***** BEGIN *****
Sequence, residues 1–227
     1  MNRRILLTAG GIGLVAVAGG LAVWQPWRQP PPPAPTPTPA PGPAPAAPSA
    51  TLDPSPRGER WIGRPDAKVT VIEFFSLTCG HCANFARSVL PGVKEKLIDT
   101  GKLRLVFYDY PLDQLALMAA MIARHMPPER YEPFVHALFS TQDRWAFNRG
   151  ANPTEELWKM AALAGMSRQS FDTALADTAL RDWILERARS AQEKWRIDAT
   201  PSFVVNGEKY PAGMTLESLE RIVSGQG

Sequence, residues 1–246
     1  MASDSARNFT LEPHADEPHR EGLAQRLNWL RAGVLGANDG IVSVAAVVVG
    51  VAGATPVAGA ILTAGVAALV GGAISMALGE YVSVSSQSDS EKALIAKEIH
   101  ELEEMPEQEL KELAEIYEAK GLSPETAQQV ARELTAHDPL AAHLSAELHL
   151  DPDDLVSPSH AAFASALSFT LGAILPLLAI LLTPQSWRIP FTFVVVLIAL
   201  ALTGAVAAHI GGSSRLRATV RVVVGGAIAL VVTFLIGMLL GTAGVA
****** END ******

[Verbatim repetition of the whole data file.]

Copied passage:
Sequence, residues 1–227
     1  MNRRILLTAG GIGLVAVAGG LAVWQPWRQP PPPAPTPTPA PGPAPAAPSA
    51  TLDPSPRGER WIGRPDAKVT VIEFFSLTCG HCANFARSVL PGVKEKLIDT
   101  GKLRLVFYDY PLDQLALMAA MIARHMPPER YEPFVHALFS TQDRWAFNRG
   151  ANPTEELWKM AALAGMSRQS FDTALADTAL RDWILERARS AQEKWRIDAT
   201  PSFVVNGEKY PAGMTLESLE RIVSGQG

Sequence, residues 1–246
     1  MASDSARNFT LEPHADEPHR EGLAQRLNWL RAGVLGANDG IVSVAAVVVG
    51  VAGATPVAGA ILTAGVAALV GGAISMALGE YVSVSSQSDS EKALIAKEIH
   101  ELEEMPEQEL KELAEIYEAK GLSPETAQQV ARELTAHDPL AAHLSAELHL
   151  DPDDLVSPSH AAFASALSFT LGAILPLLAI LLTPQSWRIP FTFVVVLIAL
   201  ALTGAVAAHI GGSSRLRATV RVVVGGAIAL VVTFLIGMLL GTAGVA